Special Needs Trusts Provide Extra Help for Loved Ones with Disabilities
- posted: Aug. 30, 2020
- Estate Planning
If you have a relative with special needs such as a disabling injury or mental and physical limitations, you may wish to help them with their expenses by giving them financial support. However, Medicaid and other government benefits for those with special needs are available only to people with income below certain levels. Any assets possessed or received by these individuals may make them ineligible for their benefits.
A special needs trust (also called a supplemental needs trust) allows those with special needs to preserve their financial resources while still being eligible for public benefits. The creator of the trust (called the grantor) places assets into the trust for the benefit of the special needs child or adult (the beneficiary). The grantor also names a trustee, the person or entity who will manage the assets of the trust for the beneficiary according to specific instructions.
When considering this type of arrangement for a family member, it is important to consult with a knowledgeable estate planning attorney to make sure you are compliant with the applicable laws.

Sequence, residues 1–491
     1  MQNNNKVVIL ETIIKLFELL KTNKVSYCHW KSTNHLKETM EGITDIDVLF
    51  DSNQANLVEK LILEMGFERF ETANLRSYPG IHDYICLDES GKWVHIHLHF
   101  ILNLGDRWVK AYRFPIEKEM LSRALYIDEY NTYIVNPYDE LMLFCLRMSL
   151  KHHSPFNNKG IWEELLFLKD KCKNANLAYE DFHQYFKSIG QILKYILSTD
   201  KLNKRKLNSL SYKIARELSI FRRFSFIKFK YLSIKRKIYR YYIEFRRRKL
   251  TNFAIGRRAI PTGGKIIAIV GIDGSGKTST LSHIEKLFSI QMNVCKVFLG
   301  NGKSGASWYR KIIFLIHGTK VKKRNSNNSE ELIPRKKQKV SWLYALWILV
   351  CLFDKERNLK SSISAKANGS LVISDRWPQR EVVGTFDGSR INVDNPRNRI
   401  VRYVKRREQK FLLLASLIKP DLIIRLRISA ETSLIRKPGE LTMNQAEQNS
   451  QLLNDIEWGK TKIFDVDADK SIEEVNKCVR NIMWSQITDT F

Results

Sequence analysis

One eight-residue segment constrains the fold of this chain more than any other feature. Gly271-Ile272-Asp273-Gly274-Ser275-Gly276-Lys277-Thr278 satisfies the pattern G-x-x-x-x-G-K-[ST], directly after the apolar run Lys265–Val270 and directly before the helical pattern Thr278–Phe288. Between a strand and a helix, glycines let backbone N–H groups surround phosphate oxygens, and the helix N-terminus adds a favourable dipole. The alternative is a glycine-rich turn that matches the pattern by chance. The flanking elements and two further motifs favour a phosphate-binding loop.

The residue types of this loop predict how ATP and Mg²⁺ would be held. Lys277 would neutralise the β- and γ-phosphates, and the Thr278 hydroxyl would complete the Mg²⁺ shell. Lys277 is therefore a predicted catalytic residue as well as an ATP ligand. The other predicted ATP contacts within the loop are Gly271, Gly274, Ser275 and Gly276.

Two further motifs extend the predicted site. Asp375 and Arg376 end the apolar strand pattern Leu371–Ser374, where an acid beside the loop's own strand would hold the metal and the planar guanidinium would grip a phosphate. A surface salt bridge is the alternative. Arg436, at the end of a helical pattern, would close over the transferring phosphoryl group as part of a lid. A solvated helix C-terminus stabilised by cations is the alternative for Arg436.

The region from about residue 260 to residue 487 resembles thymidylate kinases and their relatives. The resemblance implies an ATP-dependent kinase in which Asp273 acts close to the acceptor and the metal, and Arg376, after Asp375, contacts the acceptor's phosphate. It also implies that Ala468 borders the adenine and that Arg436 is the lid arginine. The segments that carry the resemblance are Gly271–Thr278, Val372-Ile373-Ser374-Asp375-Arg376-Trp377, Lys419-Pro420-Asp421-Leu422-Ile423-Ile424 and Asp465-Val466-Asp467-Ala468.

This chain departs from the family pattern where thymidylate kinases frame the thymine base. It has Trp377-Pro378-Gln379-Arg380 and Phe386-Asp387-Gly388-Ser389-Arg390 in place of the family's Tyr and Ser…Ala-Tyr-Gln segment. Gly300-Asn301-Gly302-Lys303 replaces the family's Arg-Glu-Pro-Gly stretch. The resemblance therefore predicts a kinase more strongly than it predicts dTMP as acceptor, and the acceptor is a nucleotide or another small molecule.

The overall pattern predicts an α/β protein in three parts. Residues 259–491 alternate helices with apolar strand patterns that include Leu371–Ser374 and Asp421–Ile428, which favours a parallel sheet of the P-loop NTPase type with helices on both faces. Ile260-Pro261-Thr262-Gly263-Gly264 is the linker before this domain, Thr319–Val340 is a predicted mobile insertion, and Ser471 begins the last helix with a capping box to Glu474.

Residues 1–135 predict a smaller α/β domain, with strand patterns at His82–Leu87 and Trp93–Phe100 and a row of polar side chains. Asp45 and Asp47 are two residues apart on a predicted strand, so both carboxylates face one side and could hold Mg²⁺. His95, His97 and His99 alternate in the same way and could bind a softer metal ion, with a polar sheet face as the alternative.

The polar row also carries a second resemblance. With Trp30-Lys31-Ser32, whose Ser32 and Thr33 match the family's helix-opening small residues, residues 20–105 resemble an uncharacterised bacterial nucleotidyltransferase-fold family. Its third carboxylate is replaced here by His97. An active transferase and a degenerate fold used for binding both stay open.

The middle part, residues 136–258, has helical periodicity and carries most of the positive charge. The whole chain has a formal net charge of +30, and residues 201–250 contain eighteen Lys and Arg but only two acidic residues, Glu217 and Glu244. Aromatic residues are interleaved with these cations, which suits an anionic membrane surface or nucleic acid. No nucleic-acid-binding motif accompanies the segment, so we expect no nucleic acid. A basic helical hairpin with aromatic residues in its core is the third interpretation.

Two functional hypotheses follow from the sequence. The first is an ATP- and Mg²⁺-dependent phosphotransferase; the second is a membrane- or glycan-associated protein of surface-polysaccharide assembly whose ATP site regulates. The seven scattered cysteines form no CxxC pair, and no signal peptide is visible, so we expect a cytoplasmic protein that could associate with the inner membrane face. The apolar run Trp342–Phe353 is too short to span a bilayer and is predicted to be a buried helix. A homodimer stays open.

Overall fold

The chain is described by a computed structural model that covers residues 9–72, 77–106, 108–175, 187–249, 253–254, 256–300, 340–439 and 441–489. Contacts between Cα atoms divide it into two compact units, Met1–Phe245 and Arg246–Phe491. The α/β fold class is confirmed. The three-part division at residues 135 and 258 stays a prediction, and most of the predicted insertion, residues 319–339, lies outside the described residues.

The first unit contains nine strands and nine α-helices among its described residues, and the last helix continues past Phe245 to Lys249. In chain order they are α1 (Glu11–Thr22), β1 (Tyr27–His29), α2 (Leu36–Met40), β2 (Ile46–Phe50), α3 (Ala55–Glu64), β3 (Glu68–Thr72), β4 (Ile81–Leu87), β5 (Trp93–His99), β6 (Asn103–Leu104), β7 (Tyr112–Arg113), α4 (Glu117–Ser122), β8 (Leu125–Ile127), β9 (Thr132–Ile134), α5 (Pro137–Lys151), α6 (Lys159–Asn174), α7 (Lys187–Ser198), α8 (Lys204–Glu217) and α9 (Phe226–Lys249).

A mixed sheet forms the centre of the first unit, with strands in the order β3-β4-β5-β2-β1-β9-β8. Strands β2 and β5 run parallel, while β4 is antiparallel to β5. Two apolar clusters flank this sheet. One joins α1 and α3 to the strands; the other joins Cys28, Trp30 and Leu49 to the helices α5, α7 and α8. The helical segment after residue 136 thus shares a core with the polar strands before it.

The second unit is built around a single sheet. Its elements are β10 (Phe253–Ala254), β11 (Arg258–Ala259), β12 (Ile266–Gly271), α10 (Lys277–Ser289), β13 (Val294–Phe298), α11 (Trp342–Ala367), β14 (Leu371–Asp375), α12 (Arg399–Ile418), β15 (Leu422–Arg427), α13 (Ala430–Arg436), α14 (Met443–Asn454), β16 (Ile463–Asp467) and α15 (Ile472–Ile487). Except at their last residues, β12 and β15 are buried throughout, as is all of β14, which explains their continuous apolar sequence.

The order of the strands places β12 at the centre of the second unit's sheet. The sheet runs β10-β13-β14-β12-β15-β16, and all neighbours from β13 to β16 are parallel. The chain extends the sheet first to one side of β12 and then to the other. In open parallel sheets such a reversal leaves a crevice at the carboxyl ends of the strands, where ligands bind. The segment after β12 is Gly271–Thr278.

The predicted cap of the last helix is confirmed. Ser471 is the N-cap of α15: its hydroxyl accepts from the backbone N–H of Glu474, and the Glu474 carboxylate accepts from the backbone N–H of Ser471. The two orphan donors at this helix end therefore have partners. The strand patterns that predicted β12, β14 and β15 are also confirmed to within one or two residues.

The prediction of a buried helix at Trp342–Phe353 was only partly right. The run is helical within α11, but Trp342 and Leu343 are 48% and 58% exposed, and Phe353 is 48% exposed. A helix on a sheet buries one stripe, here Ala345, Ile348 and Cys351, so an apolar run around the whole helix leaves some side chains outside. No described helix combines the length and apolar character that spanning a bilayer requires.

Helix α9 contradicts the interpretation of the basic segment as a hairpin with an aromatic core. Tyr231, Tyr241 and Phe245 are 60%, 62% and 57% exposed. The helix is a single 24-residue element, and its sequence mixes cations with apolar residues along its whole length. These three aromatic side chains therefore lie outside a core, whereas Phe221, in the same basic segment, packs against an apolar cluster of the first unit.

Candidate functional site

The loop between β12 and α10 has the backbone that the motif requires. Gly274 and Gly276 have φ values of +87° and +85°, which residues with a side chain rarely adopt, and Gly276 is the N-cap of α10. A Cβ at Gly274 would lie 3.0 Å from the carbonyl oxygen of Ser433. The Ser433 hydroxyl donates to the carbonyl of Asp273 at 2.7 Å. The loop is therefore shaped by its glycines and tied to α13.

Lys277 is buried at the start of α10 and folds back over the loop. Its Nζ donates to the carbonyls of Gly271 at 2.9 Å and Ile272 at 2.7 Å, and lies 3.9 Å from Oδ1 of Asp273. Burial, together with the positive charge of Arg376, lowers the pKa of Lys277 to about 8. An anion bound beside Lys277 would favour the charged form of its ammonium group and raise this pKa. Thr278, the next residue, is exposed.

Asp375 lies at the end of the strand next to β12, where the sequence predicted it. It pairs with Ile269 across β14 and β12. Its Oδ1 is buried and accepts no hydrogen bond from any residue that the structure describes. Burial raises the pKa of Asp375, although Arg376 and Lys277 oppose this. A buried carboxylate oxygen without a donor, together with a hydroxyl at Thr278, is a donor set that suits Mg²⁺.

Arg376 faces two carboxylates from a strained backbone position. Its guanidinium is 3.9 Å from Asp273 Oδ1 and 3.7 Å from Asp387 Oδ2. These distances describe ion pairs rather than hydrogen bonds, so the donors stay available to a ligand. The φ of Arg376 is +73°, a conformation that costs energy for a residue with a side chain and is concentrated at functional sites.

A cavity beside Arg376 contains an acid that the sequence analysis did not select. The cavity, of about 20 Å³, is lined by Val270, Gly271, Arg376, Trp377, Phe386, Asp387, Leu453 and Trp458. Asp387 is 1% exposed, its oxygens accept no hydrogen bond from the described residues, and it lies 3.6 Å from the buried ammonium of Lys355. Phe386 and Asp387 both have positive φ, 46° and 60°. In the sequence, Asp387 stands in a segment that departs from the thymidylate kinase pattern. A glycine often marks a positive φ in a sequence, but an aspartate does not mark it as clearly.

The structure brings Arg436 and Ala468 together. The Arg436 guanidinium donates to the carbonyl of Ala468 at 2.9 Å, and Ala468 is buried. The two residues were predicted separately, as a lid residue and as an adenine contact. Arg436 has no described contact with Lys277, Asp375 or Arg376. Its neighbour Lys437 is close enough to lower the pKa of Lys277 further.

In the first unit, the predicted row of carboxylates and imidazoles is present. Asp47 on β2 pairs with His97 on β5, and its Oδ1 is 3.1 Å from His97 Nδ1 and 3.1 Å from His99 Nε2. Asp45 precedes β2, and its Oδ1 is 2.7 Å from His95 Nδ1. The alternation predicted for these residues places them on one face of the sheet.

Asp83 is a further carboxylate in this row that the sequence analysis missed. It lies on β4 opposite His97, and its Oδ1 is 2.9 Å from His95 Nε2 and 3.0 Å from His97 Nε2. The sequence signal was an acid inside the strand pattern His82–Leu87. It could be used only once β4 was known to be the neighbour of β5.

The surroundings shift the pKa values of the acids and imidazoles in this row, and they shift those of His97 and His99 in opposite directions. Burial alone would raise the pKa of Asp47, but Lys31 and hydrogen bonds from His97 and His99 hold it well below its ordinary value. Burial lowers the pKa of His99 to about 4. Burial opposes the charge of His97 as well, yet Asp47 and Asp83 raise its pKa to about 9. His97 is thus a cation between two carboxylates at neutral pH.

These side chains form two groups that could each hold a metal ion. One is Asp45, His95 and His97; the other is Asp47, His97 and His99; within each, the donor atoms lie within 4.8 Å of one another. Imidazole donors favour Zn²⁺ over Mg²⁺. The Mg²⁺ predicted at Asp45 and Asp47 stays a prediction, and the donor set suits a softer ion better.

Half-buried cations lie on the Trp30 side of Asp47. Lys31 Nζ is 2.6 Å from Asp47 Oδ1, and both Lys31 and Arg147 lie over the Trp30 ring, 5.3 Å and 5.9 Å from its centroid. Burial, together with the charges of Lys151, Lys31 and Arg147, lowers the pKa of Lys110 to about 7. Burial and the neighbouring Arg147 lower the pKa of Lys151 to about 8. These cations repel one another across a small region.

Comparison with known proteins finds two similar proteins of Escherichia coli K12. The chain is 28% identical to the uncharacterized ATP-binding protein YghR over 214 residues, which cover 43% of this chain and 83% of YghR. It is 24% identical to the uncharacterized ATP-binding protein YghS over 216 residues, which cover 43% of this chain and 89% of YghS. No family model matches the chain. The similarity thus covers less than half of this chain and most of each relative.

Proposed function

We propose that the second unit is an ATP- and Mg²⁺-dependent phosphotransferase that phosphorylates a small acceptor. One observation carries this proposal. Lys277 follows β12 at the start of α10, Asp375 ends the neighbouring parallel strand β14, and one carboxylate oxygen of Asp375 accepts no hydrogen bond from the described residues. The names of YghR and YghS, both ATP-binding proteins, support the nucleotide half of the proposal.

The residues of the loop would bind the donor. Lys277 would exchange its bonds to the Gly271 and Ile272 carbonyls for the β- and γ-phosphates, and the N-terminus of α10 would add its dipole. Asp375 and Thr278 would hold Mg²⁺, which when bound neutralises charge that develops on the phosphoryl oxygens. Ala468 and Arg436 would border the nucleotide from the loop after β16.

A special needs trust becomes the owner of the beneficiary’s own property and income, including funds from a gift or inheritance or the proceeds of a lawsuit over the event that resulted in the beneficiary’s disability. Importantly, the trustee must be established by a third party who usually is also the trustee. The beneficiary must have relinquished all control over the property.
A Miller Trust is a similar type of trust that is often used for the benefit of seniors and disabled individuals. Also known as a qualified income trust, it allows them to lower their incomes and thus qualify for extended health benefits such as the Arizona Long Term Care System. Income in excess of the eligibility level for such programs is paid into the trust during the individual’s lifetime and those funds go to the state government upon the individual’s death.
Still another option is a nonprofit pooled-income special needs trust, which contains funds and other assets that never belonged to the beneficiary. This allows family members and others to invest funds in a nonprofit organization that pools them and uses them to pay for the medical or long-term-care costs of several beneficiaries. The payouts for these trusts do not affect the recipients’ eligibility for government benefits like Medicaid.
The Law Firm of Joseph M. Udall, PLC. in Mesa, Arizona has assisted Arizonans with estate planning for over 20 years. If you are considering setting up a special needs trust for a loved one, contact us at 480-500-1866 or contact us online. Saturday and evening appointments are available.